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The Fault in Our Stars Review: Don’t Just Bring the Tissues, Use the Nettie Pot

The Fault in Our Stars


The Fault in Our Stars was written by John Green, who appears to be a huge nerd, which explains why this story is way more interesting than most stories in the Teen Romance genre. This writer had not read the book before the film, but now plans to read the novel and other novels written by John Green. It’s good to see a Teen Romance that isn’t doesn’t have a crappy, overly saccharinely, vomit inducing tone. The best thing about the film is that the characters, both major and minor are well fleshed out. Even characters that only appear in one or two scenes feel relevant when they are on screen. That shows that the director Josh Boone and the screen writers Scott Neustadter and Michael H. Weber really put a lot of care into the novel they brought to life on the big screen. It’s always good to see men who aren’t Joss Whedon who are able to tell stories with strong female characters.
An unfortunate convention in films based on popular novels, especially popular novels marketed to teens, is that studios take the fact that the stories have dedicated fan bases for granted. They see the stories as something to sell for quick easy money. While the Harry Potter films were good in general, many beloved characters from the books (Bill Weasley and Tonks, for example) were reduced to token appearances where they simply introduced themselves to The Boy Who Lived. Divergent, where the two main actors from The Fault In Our Stars: Shailene Woodley and Ansel Elgort, played siblings; most of the characters were indistinct from one another and simply unmemorable. Perhaps it wasn’t weird seeing Woodley and Elgort playing a couple in this film because Elgort’s character was so unremarkable in Divergent (the film, not the book).
Another annoying convention in Teen Drama Romances is that there are often “big name stars” cast in the film in order to provide names on the posters(Note to studio execs: popular stories don’t need big name actors, they need actors who are right to bring beloved characters to life). The big name stars often seem bored with the films they are in. In The Fault in Our Stars, Laura Dern Plays Hazel’s(Woodley) mother. She is wonderful and fully loses herself in the role. Willem Dafoe plays a small, but important part in the film. Despite the fact that he is a high caliber actor, he does not overwhelm his scenes and neither does Dern. Another stand out performance is by Nat Wolf as Isaac, Augustus’ (Elgort) good friend who also has cancer and going through his own personal struggles. He brings a lot of humor to the film, though he is not simple comic relief. Hopefully he’ll get some more good roles in the future.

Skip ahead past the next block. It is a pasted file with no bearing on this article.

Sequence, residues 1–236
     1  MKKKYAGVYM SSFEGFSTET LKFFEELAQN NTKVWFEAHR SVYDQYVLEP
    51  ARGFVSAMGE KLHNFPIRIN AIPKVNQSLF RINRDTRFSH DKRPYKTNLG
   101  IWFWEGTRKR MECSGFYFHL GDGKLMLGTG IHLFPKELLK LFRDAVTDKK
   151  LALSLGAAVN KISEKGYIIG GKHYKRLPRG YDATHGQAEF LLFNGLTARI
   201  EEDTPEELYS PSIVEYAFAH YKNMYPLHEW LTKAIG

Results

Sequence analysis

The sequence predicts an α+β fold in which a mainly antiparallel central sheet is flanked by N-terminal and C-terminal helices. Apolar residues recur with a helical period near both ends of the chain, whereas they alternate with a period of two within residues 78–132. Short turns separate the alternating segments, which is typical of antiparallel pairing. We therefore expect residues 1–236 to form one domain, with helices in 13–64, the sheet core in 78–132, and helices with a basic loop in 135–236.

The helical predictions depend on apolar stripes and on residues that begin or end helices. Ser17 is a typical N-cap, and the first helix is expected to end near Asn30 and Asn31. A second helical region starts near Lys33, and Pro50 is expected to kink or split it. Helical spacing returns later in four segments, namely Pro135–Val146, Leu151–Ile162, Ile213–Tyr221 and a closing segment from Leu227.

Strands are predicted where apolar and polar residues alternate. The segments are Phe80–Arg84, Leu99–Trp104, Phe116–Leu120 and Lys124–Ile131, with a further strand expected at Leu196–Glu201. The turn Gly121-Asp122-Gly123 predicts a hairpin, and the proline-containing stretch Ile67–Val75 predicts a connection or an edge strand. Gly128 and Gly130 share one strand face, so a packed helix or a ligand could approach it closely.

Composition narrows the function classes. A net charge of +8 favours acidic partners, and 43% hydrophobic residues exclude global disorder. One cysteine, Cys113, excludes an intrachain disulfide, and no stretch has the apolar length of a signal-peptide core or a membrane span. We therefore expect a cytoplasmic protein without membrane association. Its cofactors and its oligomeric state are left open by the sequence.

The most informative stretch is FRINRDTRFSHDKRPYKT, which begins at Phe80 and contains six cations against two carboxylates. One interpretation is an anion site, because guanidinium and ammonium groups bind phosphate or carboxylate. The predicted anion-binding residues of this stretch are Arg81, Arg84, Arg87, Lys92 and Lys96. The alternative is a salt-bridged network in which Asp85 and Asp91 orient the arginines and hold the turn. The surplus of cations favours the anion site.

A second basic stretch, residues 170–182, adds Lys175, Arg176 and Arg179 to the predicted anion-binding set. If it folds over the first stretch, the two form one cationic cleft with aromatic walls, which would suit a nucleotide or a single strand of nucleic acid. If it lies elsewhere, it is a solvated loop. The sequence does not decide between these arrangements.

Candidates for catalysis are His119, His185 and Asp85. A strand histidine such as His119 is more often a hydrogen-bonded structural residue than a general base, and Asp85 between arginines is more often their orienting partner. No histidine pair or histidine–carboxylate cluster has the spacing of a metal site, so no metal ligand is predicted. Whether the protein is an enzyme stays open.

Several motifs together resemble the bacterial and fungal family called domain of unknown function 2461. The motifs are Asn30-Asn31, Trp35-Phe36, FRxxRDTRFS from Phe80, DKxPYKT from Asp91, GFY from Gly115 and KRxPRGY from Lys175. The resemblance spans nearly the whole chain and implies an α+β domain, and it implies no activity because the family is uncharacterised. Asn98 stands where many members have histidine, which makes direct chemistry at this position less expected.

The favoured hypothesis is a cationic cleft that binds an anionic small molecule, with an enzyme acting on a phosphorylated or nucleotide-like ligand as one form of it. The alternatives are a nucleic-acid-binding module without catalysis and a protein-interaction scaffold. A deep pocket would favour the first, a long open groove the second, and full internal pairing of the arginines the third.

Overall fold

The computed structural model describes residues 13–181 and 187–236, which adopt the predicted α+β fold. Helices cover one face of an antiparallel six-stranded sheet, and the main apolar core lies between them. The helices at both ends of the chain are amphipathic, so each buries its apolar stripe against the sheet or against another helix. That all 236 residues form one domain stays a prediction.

This writer is certainly glad that the insipid show The Secret Life of the American Teenager didn’t destroy Shaliene Woodley’s career or cause her to be pigeon holed. Time after time she has shown she is a great actress and she continues to do so in The Fault in Our Stars. Hazel is a compelling character to watch. She doesn’t fit into any annoying teenage girl stereotypes: She is neither overly sweet and compliant nor overly angry and sour faced. She isn’t completely obsessed with fashion, but she has an appreciation for nice clothes. She cares about others more than herself, but not in an extreme Abnegation sense. She occasionally gets annoyed with her parents, but never really lashes out at them. Augustus is a boy who doesn’t fit into annoying teen boy stereotypes. He isn’t the bad boy or the player who is redeemed by that one special girl. He also isn’t the goody goody mamma’s boy. The relationship is refreshing to watch. We don’t have the overly done good girl bad boy romance nor the rich boy, poor girl. We also don’t have the overbearing disapproving parents. The parents in this film are certainly concerned for their children, but they want to see them happy. Hazel and Augustus are honest with each other (mostly). They don’t try to put on a show. They also even express disagreement from time to time.
This writer would recommend this film to just about anyone. It would be especially good for people who didn’t want to watch 50/50 because it was rated R and contained many elements that justified the R rating (but that was still a great film). The reason this film works so well is that there is a lot of joy in it. That joy makes the painful and tragic moments even more effective. In last summer’s Man of Steele, this writer didn’t shed any tear for Jonathan Kent when he died. All of Clark’s memories of him centered around him telling Clark that the work was not ready (for Superman). There were no happy memories. Whenever Joss Whedon or JK Rowling killed characters in their stories, there was a lot of grief because those characters brought so much joy. Such is the case with Hazel and Augustus. They bring joy to each other and the people around them. This writers recommends that people who live in the Miami Valley or any other place where allergies are high to not only bring a box of tissues, but to use Nettie pots or nasal sprays before going to see the film. Seriously there is plenty of nose blowing to do. This writer will most likely pre-order the DVD on Amazon. It’s worth watching over and over.